Computers are my copilot: Six machines that might help you get there

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Squares built the space program!

Picture courtesy of IBM; click for full size

First in space

The Apollo Guidance Computer got an awful lot of press in the recent hoopla over the 40th anniversary of the first moon landing -- which meant, as usual, that the Gemini program got slighted again.

America's first spacecraft, the Mercury capsule, had virtually no maneuvering capability, and thus no need for a computer. IBM built the computer to curve to fit the shape of the capsule, in a process described as "fitting a refrigerator inside a hatbox." The computer had 159,744 bits of memory -- about 20 KB -- and was used to compute the complicated docking manuerving the Gemini program was designed to test in preparation for the Moon launch program.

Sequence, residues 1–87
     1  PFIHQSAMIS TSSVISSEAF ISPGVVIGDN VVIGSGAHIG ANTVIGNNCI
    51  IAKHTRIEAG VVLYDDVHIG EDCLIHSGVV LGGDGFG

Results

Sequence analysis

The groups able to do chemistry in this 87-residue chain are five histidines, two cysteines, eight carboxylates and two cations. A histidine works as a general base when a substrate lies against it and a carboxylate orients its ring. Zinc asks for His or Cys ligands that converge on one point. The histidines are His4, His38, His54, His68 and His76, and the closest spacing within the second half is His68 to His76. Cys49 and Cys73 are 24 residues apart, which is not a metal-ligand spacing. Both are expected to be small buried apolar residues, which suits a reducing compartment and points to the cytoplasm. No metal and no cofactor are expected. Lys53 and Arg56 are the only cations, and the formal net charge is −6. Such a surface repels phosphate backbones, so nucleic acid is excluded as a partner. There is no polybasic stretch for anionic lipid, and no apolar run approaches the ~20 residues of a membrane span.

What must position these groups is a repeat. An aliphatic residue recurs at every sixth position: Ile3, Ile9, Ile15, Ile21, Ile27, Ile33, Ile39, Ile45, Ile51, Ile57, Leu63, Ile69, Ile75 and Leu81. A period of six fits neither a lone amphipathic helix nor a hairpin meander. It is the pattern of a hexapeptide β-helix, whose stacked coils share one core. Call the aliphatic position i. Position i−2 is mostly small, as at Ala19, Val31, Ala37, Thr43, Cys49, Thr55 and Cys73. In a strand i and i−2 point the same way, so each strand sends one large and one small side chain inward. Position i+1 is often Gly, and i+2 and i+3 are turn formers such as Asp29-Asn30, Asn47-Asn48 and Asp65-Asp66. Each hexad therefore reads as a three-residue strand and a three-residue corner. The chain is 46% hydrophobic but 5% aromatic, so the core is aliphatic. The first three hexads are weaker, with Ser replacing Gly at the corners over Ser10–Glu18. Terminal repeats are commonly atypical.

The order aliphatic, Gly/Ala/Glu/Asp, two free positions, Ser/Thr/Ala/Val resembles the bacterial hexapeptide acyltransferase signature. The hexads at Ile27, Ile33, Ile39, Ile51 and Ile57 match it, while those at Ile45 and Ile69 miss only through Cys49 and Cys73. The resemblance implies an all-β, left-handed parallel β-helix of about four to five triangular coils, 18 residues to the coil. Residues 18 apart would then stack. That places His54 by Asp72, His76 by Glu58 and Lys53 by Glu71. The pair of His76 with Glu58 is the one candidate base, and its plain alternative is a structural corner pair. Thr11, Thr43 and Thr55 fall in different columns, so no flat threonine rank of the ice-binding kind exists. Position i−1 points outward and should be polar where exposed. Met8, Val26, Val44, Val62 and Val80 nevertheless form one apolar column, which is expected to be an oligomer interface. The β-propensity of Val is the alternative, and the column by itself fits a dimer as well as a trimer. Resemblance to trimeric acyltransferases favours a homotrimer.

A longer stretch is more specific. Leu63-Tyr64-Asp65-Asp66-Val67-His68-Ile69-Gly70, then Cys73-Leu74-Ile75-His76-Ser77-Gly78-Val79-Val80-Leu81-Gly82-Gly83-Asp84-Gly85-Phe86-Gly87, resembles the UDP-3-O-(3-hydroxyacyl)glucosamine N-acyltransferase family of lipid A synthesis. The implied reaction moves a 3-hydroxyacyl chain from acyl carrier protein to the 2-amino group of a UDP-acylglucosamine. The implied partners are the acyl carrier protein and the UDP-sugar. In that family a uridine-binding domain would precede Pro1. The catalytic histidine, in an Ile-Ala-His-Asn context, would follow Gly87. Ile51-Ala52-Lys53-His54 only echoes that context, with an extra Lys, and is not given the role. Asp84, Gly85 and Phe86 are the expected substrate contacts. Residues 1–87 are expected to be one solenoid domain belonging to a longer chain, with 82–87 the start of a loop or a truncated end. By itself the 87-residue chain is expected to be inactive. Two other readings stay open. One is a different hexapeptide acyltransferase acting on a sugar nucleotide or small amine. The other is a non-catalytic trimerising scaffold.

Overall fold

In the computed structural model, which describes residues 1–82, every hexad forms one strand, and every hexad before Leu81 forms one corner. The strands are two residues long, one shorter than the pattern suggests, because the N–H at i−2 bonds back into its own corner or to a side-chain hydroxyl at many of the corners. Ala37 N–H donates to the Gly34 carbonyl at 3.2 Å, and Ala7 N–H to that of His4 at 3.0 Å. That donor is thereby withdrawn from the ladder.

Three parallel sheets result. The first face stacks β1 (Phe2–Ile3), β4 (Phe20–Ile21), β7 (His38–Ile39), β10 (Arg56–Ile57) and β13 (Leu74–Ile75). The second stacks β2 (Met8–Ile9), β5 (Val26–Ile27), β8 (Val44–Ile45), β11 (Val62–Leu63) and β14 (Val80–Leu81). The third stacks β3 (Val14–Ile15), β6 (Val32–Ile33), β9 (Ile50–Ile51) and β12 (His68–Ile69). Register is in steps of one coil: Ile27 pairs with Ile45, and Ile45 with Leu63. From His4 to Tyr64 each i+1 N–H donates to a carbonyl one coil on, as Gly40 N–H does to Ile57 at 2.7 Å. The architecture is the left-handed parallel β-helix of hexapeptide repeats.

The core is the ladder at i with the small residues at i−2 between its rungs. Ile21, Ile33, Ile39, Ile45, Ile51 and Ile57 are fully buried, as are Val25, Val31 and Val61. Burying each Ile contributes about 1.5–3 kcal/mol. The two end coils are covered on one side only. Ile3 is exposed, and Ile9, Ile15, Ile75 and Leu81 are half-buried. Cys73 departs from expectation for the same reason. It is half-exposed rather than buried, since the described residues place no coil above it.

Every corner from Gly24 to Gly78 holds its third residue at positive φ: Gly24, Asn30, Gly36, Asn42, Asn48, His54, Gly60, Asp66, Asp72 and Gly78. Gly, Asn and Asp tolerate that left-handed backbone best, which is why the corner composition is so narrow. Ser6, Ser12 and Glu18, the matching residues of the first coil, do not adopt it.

NASA's early astronauts were fighter pilots, for the most part, and didn't like being told what to do by a machine. In the first manned Gemini launch in 1965, astronauts Gus Grissom and John Young were told to ignore the computer's output if it disagreed with the test calculations that were performed before lift-off, which they did -- resulting in a splashdown that was almost 60 miles off-target.

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